I was way early so I sat down on my duffel and waited for the 9am opening. Around 8:45 a red Mustang pulled up and a beautiful, tall blonde stepped out and opened the gate. He called over, "You the girl from Rhode Island?" Did I look that obvious?

After a quick phone call with FlaRider1 about places to look out for in the Keys, I walked into the shop. Holy smokes, it was ginormous. Is that a Norwegian flag I spot (for cheesebot)?


Buddy scooter models! (my daily commutin' bike)


After waiting a short time, one of the mechanics showed up and brought the Husky over from the shop shop to the storefront.


The bike was at Competition to have a couple of things done to it (new tires, oil change, air filter, new front sprocket) as well as the fact that the guy who sold me the bike was no longer going to be in southern Florida. He was driving out to California to retrieve his stable of KTMs from his former girlfriend's house.

Chris, the owner of Competition (and the Mustang driver), suggested I should take the bike for a quick run around the neighborhood to get used to it before loading it up with my camping gear.


I pulled on my helmet and swung a leg over. Sheesh, it's a tall bike! I couldn't flat foot even though I'm 5'11" with a 34" inseam. I started him up and proceeded out of the parking lot with care. I took a right onto Old Griffin Road.

Shifted into second and realized the mirror was out of whack. Adjusted the mirror and could see a pick-up coming up behind me.

Squeeze in the clutch, roll off the throttle, slip toe beneath the shifter, pull up. Hmmm, no click.

I eased out the clutch, and yes, indeed, I was still in second. Rinse & repeat. Still nothing.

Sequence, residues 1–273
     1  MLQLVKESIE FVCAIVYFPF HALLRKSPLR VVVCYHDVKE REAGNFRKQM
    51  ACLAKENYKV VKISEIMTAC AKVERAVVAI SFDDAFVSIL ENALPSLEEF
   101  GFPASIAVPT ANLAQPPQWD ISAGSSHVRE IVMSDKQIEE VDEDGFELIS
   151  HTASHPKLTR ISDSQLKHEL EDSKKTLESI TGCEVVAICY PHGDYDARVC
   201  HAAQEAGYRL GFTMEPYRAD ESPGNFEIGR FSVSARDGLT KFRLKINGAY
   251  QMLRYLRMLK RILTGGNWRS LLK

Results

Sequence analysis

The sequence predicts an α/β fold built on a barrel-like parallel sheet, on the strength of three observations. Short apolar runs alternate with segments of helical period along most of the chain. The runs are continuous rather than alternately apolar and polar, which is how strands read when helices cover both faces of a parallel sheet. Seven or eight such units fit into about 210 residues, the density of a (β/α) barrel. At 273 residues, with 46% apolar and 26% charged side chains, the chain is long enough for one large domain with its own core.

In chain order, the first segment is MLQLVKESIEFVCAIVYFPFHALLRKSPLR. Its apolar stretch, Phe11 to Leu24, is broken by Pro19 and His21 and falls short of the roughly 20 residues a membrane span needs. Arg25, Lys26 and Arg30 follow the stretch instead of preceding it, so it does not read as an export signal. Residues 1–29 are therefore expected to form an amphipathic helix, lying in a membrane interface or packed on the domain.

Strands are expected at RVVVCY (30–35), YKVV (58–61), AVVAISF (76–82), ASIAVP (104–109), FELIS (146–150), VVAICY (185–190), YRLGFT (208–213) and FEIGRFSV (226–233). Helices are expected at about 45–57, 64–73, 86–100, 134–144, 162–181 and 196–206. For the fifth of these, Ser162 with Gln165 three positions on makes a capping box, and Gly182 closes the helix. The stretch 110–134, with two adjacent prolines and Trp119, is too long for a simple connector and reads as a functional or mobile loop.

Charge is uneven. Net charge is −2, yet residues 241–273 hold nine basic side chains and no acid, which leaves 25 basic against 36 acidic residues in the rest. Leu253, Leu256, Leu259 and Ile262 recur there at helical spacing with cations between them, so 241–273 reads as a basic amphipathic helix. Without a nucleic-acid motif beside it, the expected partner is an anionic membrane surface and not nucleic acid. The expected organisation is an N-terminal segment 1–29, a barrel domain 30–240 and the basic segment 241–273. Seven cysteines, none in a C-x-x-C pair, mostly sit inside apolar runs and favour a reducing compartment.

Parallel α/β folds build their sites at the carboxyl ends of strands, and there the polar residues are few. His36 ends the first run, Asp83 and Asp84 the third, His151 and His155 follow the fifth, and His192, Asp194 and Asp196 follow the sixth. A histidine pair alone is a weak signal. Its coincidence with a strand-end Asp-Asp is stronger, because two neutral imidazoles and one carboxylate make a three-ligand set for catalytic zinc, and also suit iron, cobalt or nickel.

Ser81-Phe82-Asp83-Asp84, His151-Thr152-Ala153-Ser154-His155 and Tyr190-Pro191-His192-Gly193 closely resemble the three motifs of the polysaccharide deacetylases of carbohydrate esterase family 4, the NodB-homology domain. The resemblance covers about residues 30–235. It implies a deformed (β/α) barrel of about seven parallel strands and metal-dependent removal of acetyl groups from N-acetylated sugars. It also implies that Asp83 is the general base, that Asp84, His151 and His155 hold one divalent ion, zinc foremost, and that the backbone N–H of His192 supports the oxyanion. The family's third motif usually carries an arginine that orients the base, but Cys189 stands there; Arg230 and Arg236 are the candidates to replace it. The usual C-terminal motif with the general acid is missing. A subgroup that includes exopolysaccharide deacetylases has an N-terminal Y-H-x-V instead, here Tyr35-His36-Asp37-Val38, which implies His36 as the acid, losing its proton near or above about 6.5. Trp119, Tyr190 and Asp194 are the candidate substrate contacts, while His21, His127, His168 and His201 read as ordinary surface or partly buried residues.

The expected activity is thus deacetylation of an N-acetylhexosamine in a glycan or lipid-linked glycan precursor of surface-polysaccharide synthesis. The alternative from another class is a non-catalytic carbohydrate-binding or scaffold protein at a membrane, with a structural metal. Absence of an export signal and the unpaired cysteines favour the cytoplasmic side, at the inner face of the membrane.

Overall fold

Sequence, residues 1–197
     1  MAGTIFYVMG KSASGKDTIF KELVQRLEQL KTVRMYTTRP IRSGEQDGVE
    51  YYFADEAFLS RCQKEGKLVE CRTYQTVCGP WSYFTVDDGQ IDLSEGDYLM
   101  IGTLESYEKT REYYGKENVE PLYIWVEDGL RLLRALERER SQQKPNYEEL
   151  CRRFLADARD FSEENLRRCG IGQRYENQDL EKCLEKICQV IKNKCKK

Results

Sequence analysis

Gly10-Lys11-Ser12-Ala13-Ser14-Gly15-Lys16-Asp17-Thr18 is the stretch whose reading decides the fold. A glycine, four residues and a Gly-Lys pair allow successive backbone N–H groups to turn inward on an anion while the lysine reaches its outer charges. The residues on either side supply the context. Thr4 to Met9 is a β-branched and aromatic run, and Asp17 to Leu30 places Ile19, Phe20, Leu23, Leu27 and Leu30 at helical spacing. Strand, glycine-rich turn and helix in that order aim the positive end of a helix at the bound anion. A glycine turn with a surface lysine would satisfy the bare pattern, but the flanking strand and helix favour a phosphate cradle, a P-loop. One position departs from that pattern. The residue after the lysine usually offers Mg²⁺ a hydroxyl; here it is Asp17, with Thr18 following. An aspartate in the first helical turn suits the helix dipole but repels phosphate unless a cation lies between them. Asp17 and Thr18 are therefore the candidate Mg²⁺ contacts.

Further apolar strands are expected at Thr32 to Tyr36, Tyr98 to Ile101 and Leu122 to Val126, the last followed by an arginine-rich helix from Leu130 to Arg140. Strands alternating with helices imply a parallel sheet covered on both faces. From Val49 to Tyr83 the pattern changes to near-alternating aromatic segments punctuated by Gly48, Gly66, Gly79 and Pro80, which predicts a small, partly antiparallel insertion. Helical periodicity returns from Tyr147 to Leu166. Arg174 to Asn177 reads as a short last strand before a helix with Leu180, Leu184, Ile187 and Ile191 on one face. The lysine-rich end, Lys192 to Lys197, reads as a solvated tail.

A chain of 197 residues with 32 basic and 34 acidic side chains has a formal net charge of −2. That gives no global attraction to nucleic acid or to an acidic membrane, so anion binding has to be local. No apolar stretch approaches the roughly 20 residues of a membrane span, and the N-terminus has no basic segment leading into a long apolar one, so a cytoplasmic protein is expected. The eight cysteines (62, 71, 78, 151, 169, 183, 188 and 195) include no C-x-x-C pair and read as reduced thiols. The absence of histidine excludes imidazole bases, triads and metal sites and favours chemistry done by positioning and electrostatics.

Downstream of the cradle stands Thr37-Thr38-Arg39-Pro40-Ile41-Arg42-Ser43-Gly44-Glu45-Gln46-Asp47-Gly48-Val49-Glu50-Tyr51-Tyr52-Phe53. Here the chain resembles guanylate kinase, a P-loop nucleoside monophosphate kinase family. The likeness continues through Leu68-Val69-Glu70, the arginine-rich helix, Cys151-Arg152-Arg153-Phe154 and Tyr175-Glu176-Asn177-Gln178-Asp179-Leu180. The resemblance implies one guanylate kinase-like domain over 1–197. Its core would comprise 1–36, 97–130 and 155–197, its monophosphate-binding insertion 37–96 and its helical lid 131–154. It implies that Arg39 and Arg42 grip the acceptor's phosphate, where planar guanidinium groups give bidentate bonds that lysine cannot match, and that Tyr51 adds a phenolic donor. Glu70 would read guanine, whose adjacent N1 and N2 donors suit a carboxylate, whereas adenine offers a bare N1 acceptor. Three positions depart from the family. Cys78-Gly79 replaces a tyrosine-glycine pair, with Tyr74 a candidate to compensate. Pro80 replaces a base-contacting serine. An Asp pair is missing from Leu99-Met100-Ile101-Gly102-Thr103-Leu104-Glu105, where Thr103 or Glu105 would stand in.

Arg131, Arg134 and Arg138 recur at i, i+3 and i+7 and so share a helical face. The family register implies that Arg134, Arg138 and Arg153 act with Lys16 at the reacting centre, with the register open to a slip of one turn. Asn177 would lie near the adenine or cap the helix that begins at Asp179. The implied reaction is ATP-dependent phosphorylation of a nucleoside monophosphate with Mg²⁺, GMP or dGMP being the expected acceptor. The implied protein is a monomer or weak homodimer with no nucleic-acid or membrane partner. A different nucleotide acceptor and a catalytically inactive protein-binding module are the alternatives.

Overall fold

I took a right onto a neighborhood side street to check out what was going on.

No matter how hard I pulled up, I just couldn't get into third gear. I rode back to the shop where Chris was waiting with a big smile. Unfortunately I no longer had one on my face.

Chris took the bike out to see if I was just doing something wrong (although really, I think I know how to shift). He came back a short while later, same verdict. It just wouldn't shift beyond second gear.
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Old 06-03-2013, 02:16 PM   #34
NoVa Rider
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Hopefully the seller will make this right. . ..

(that's assuming the wrenches didn't wrench it to its current unrideable state. . ..)

NoVa Rider screwed with this post 06-03-2013 at 02:21 PM
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Old 06-03-2013, 02:17 PM   #35
Twilight Error
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Is the guy who sold you a crapped transmission going to make this right, and by right, I mean a refund of the purchase price and the cost of your return tickets?